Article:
A skills and knowledge framework for Health Impact Assessment

How the Wales Health Impact Assessment Support Unit used the Public Health Skills and Knowledge Framework to review their training strategy and shape practice

Wales Health Impact Assessment Support Unit (WHIASU); Uned Gymorth Asesu Effaith ar lechyd Cymru

Assessing the effect of policies and strategies on health is a core public health capability detailed in the Public Health Skills and Knowledge Framework (PHSKF).

It is covered in ‘PHSKF B1.2: Assess the impact and benefits of health and other policies and strategies on the public’s health and health inequalities’.

The Wales Health Impact Assessment Support Unit (WHIASU) was established in 2004 to support the development of Health Impact Assessment (HIA) practice in Wales. HIA is an interdisciplinary area of public health practice that is applied across sectors, including public health, land use planning, local government, and environmental health to improve population health and reduce health inequalities.

In 2017, WHIASU decided to review its training strategy in response to the changing legislative environment in Wales. The Well-being of Future Generations (Wales) Act 2015 provides a government-wide policy framework centred around sustainable development. The Public Health (Wales) Act 2017 (Welsh Government, 2017) has made HIA statutory for public bodies in certain circumstances, enacting a ‘Health in all Policies’ approach.

The WHIASU developed a skills and knowledge framework specific to HIAs as a response to an anticipated need for practitioners, reviewers and policy makers to be skilled in conducting (and quality assuring) HIAs.

The solution

WHIASU used the PHSKF and Skills for Health National Occupational Standards for impact assessment for health and wellbeing (Skills for Health 2010a and 2010b) to map areas of skills and knowledge relevant to HIA practice across seven key role descriptors.

These role descriptors for HIA were developed to enable people to clearly identify where their work roles are relevant and transferable to the practice of HIA, ‘Health in all Policies’ and the expectations and outcomes of the roles.

All function areas of the PHSKF were relevant to HIA: technical, contextual and delivery. The PHSKF provided an important benchmark for the HIA Skills and Knowledge Framework (SKF) and the mapping enabled the WHIASU team to pinpoint and distinguish areas of skills and knowledge relevant to specific roles in HIA.

For example:

• PHSKF A2.2: Advocate public health principles and action to protect and improve health and wellbeing - this was identified as a common competency across all roles as anyone involved in HIA needs to understand the wider determinants of health and health inequalities

• PHSKF C2.3: Facilitate dialogue with groups and communities to improve health literacy and reduce inequalities using a range of tools and technologies - this is relevant to lead HIA practitioners or contributors with the relevant skills who may be directly engaging private citizens and communities in a HIA

The relevant themes in the PHSKF, such as sustainability, joint and system-based working along with a focus on the wider public health workforce were particularly relevant and complimentary to HIA practice.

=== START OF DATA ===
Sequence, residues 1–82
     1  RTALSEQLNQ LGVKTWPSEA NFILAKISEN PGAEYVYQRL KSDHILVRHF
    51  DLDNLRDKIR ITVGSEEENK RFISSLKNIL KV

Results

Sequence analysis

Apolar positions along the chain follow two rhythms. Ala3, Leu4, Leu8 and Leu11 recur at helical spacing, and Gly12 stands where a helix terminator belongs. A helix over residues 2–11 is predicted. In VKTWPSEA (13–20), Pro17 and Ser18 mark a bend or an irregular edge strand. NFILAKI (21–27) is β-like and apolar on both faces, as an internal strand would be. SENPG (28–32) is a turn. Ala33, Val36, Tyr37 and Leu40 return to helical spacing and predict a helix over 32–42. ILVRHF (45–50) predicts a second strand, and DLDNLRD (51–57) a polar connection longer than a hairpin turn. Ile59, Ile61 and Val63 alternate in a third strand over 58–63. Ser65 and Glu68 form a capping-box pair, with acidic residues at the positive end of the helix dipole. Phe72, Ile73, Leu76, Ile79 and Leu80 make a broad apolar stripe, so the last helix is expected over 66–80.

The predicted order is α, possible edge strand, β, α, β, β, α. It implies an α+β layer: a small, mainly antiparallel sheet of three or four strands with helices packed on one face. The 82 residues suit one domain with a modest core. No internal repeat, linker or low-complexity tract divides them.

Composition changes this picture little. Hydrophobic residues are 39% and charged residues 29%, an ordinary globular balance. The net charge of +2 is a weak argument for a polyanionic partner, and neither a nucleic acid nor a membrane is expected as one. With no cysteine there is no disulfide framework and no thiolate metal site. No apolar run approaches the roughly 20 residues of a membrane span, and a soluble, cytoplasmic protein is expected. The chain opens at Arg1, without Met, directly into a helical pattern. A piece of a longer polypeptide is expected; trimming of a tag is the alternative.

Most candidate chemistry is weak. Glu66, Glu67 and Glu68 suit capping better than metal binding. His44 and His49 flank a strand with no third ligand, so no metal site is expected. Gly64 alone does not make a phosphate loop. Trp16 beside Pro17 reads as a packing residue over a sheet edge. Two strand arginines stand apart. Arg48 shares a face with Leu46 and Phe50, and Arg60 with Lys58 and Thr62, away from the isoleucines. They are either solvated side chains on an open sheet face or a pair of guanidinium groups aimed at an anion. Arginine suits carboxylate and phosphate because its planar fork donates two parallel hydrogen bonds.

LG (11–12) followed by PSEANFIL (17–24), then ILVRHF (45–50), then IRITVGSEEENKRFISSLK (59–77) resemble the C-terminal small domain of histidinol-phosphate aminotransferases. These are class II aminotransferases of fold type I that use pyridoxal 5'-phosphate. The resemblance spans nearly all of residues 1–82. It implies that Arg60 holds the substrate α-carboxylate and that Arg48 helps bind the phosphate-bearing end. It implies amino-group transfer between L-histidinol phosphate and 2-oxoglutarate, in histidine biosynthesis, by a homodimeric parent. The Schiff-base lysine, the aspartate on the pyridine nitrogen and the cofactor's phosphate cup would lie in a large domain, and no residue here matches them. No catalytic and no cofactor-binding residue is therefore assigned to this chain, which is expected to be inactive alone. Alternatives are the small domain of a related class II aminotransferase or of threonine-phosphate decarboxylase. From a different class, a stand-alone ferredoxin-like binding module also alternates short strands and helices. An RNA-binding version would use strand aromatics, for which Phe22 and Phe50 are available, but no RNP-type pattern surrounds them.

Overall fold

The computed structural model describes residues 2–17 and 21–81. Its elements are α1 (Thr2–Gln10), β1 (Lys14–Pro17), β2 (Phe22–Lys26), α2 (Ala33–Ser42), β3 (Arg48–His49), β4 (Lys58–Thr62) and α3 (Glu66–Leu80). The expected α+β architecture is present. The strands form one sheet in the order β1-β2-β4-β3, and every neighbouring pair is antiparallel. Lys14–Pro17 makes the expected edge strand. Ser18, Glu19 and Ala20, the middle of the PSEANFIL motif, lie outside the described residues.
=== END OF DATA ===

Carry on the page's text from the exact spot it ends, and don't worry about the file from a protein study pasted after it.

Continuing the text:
The WHAISU (2019) Training and Capacity Building Framework for Health Impact Assessment was published in June 2019 and provides a clear set of learning outcomes for training and development opportunities in HIA.

The ‘areas of knowledge and skills’ are those needed to be exhibited by a competent team of people engaged in a HIA. The lead HIA Practitioner for the HIA does not necessarily have to have expertise in carrying out each area, but does need to understand what is required to complete a high quality HIA. They also need to be capable of drawing together and coordinating the requisite skill set, and are accountable for the final HIA and its recommendations.

The following bullet points show how the skills areas of the WHIASU Training and Capacity Building Framework for Health Impact Assessment map to the PHSKF functions:

• Skills Area 1 (lead, plan, design, delivery and evaluate HIA) maps to PHSKF B1.2
• Skills Area 2 (facilitate participation) maps to PHSKF C1.2
• Skills Area 3 (data collection, analysis and critical appraisal) maps to PHSKF A1.5
• Skills Area 4 (collaborative working) maps to PHSKF B2
• Skills Area 5 (communication skills) maps to PHSKF C2
• Skills Area 6 (project management and governance) maps to PHSKF C3

The outcome

The Framework enables individuals, organisational leads and their officers and practitioners from all sectors to identify how their existing skills and knowledge are transferable to HIA practice and be able to highlight areas for development.

WHIASU hopes that this will enable a cross sector workforce to have the confidence to engage in HIA practice by highlighting that they have the relevant capabilities to contribute.

The future

As part of Public Health Wales World Health Organization Collaborating Centre (WHO CC) on ‘Investment for Health and Well-being’ for the WHO Europe region, WHIASU will lead on capacity building for HIA capability using the HIA SKF. As the first international SKF for HIA, this framework represents a significant contribution to shaping HIA practice and workforce development for HIA across nations.

Associated resources will be produced to support this work.


The Wales Health Impact Assessment Support Unit (WHIASU) supports collaborative working and knowledge-sharing, and as such are willing to share more detailed information regarding the methodology, and resources they have developed with others.

You can contact the PHSKF programme team at sp-phskf@phe.gov.uk for contact details.

Public Health England